December 17, 2023Rockefeller tree Data viz Christmas tree tree height
One of my favorite things about the holiday season is the Rockefeller Christmas tree. Every year the Christmas tree at Rockefeller Center in New York City brings a wonderful burst of green amid the dull winter colors of a big city. Although I don’t live in New York, it’s fun to watch the tree lighting special on NBC and see it pop into some of my favorite holiday movies like Elf.
The first Christmas tree at Rockefeller Center was in 1931 and was a meager 20-foot tall balsam fir. The tree was erected by construction workers who would meet at the tree to receive their paychecks. This was during the Great Depression and the tree had a special meaning at the time.
With a lack of tall trees within the New York City limits, the tree is always chosen from the surrounding region A few weeks before it arrives, in the news are stories about where the tree originated from, the family whose property it came from, and how far it traveled to get to Rockefeller Center. As an example, the 2023 Rockefeller Center Christmas tree was from Vestal, New York and traveled nearly 200 miles to get to Manhattan.
The Rockefeller Christmas Tree data set contains 75 years of data about the tree, including its species, height, and the town where it originated. Here are a few fun facts about the tree.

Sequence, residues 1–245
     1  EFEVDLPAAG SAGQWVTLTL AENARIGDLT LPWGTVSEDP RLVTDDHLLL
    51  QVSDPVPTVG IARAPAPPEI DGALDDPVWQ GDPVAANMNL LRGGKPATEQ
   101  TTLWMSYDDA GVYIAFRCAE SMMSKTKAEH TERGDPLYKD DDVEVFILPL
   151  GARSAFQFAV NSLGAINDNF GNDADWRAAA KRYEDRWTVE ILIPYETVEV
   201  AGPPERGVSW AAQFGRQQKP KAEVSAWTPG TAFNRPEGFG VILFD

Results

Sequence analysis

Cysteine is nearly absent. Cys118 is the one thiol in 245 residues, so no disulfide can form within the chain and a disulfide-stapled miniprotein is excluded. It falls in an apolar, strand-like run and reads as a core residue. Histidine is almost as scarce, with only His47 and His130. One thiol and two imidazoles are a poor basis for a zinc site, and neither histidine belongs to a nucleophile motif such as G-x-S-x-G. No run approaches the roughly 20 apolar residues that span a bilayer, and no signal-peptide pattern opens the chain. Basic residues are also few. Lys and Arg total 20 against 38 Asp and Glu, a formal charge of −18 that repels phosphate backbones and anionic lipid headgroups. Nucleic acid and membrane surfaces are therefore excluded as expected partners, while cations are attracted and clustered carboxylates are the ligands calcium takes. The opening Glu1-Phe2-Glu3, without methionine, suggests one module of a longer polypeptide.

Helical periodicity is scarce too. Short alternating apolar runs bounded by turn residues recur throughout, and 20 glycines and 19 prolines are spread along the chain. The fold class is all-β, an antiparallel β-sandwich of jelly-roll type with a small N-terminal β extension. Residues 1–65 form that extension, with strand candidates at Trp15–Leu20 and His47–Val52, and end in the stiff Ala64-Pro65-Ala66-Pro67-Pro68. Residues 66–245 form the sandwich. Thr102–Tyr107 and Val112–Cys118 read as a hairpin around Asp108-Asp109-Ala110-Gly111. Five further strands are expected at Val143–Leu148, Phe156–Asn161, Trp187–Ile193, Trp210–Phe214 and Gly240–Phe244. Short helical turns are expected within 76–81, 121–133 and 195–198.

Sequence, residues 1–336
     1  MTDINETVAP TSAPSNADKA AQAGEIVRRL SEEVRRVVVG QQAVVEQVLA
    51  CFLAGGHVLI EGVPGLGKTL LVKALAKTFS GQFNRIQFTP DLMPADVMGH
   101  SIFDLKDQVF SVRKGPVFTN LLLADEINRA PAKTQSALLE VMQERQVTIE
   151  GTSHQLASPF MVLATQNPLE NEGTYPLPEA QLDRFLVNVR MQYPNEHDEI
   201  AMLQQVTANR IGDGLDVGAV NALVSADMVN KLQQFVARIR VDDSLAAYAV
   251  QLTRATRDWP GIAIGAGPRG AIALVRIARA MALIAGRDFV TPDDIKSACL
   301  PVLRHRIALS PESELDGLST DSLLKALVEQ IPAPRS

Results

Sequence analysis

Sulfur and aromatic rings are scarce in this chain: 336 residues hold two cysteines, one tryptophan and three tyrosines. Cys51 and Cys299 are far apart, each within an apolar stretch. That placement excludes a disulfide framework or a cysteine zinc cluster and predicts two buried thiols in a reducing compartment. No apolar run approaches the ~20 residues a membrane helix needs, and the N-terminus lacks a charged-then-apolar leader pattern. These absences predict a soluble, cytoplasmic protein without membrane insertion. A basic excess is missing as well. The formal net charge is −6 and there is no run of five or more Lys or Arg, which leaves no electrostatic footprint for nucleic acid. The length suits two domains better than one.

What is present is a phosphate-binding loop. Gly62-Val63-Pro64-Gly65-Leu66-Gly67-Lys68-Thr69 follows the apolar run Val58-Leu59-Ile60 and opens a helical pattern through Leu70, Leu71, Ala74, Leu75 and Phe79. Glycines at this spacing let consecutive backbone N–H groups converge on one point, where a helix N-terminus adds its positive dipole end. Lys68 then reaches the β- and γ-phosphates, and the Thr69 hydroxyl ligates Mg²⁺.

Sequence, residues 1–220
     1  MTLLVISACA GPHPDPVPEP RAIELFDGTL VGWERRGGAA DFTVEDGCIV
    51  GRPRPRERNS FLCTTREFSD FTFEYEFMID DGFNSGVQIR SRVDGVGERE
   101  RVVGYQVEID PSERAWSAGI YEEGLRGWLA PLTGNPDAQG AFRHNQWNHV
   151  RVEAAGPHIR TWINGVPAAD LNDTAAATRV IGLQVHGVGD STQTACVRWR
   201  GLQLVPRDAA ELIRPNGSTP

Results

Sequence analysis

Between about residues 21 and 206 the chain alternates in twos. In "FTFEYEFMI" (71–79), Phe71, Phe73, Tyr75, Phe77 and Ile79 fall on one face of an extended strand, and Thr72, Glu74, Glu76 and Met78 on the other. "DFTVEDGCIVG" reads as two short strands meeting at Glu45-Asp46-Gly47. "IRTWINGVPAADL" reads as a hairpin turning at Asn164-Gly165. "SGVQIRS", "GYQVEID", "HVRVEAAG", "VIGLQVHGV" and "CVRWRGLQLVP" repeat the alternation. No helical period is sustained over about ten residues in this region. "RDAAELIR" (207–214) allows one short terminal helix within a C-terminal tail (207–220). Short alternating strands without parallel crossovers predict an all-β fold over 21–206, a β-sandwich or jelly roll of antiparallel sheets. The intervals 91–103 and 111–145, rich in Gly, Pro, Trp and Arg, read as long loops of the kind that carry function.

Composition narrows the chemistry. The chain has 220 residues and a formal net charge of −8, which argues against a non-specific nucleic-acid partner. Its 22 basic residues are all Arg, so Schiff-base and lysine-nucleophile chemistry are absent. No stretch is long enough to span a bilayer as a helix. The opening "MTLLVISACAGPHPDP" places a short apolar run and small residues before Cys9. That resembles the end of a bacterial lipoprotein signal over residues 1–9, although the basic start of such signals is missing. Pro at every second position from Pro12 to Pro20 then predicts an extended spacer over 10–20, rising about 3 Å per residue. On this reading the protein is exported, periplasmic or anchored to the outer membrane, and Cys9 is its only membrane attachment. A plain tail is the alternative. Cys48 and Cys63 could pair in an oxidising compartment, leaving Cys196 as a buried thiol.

Species and tree height
Since at least 1982, the species chosen has always been a Norway spruce, a large and fast-growing conifer known for its drooping branches. Prior to that, white spruce and balsam fir were chosen more than once for the tree:
For the 92 trees which there are data, the average height of all of the Rockefeller Christmas trees was 72.3 feet. The Rockefeller tree has generally gotten taller through the years. Prior to 2000 there were several trees less than 70 feet tall. Since 2000 the average height of the tree has been 78.4 feet:
Where the Rockefeller trees come from
Rockefeller Christmas trees have originated from 11 states in the northeastern US and one Canadian province (Ontario). The tallest trees have come from Connecticut, with an average height of 78 feet. The tree has only come from the state of Vermont six times in its history, and this state produces the shortest trees at 63 feet:
The mean distance between a tree’s home and Rockefeller Center is 95 miles. The closest trees originated from Tenafly, New Jersey in 1973, just 11 miles away from Rockefeller Center. The furthest tree originated from Richfield, Ohio, a Norway spruce 401 miles away from Rockefeller Center.
Most trees are less than 150 miles away from their “new home” in Rock Center:
The Rockefeller Center Christmas tree is a fun one to explore and teach with. See this GitHub page for the data.
Happy holidays, all!
By Matt Russell. Subscribe to my monthly email newsletter for data and analytics trends in the forest products industry.